Hundreds Of Thousands Of Medical Devices Exposed To Cyber Threats Following Critical Bugs
Myriad healthcare devices, such as tools like CT scanners and diagnostic lab equipment, are frequently inadequately protected within hospital networks, and new findings regarding 7 vulnerabilities in an IoT (Internet of Things0 remote management tool have underscored interconnected exposures in medical devices, as well as the broader IoT ecosystem.
Researchers from the healthcare-specific security firm CyberMDX, acquired by the IoT security firm Forescout last month, have discovered 7 easily exploited vulnerabilities. These have been collectively dubbed Access:7, through an IoT remote access tool known as PTC Axeda.
“You can imagine the type of impact an attacker could have when they can either exfiltrate data from medical equipment or other sensitive devices, potentially tamper with lab results, make critical devices unavailable, or take them over entirely,” says Daniel dos Santos, head of security research at Forescout.
The researchers have worked on co-ordinated disclosure with PTC, who have now released patches for the flaws.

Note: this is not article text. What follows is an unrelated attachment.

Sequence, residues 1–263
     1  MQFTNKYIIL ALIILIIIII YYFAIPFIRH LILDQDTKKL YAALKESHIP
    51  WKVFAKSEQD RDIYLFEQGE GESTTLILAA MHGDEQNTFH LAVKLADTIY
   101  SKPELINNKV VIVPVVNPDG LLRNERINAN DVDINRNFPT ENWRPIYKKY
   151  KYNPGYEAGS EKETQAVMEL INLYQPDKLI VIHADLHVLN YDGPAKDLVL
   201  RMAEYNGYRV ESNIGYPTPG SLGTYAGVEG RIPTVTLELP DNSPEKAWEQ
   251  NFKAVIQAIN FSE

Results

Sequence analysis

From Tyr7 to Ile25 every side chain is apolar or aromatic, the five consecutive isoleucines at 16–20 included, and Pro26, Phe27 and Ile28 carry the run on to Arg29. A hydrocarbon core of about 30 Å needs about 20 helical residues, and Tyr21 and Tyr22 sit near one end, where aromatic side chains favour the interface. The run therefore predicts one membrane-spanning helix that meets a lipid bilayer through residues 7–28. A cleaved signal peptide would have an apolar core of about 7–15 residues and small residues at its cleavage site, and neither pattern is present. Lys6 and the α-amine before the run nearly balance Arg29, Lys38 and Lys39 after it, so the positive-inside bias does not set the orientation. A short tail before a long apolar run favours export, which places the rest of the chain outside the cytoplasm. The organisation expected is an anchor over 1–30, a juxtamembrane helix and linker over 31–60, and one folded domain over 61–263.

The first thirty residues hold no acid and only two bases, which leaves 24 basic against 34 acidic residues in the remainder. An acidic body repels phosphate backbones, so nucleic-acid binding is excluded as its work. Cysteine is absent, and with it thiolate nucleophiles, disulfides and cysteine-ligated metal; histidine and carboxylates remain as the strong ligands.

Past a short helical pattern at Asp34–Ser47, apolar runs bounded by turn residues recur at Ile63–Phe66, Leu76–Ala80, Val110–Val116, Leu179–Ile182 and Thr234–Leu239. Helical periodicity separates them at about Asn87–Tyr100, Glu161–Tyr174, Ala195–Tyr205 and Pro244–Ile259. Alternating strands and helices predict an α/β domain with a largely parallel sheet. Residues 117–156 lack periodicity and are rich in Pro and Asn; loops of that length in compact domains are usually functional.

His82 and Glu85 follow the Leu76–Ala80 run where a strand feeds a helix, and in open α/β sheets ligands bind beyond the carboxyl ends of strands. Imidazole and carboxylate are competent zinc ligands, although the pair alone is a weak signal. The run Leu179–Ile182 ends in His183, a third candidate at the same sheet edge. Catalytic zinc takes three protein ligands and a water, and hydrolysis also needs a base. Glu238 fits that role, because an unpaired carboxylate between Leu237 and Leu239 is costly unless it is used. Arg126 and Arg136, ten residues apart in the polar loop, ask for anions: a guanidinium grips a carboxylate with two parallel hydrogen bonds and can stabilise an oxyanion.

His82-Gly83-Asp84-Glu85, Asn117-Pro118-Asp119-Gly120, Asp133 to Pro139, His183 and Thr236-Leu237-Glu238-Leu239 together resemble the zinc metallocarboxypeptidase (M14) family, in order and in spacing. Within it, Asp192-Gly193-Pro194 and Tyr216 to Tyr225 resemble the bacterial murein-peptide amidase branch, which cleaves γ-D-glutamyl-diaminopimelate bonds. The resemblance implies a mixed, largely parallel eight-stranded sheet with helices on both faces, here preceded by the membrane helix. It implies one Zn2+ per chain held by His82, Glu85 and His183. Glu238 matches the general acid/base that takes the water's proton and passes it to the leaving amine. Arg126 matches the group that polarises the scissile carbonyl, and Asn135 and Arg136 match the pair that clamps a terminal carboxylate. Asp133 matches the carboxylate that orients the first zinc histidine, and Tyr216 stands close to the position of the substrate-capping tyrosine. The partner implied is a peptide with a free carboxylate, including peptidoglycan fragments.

“This disclosure is the culmination of a cooperative effort between PTC, CyberMDX, and CISA,” PTC said a statement. “PTC and CyberMDX collaborated to thoroughly investigate and implement appropriate remediations for the vulnerabilities. PTC then notified customers and guided their remediations ahead of disclosure … The result is greater awareness for users and the opportunity to resolve a potential threat to their systems and data.”
One of the main challenges facing any IoT disclosure is the necessity to notify current or former customers, and ensuring they update their software or take alternative steps in mitigating their exposure. Users of Axeda who don’t wish to risk causing a disruption to critical systems through patching are still able to take preventative measures, such as blocking specific network ports or adjusting configurations. Dos Santos notes that an advantage of the situation is that most vulnerable devices are not exposed through the open internet, therefore it is impossible to be directly hacked remotely. However, he still cautions that an attacker who has compromised a hospital network through other means would still be able to remotely access the vulnerable systems.
“It will take time for the downstream vendors to identify which devices are vulnerable on their networks and actually apply the patches on their products, so that’s why it’s important to raise awareness,” dos Santo says. “Remote management tools work to address some real problems for IoT, but the way this was deployed and configured also leads to problems.”
This conundrum has dogged the IoT for years. Devices need to be easily patchable, especially sensitive health-care-related ones. However, flaws in the mechanisms which enable remote management open up a whole new area of cyber-security risk.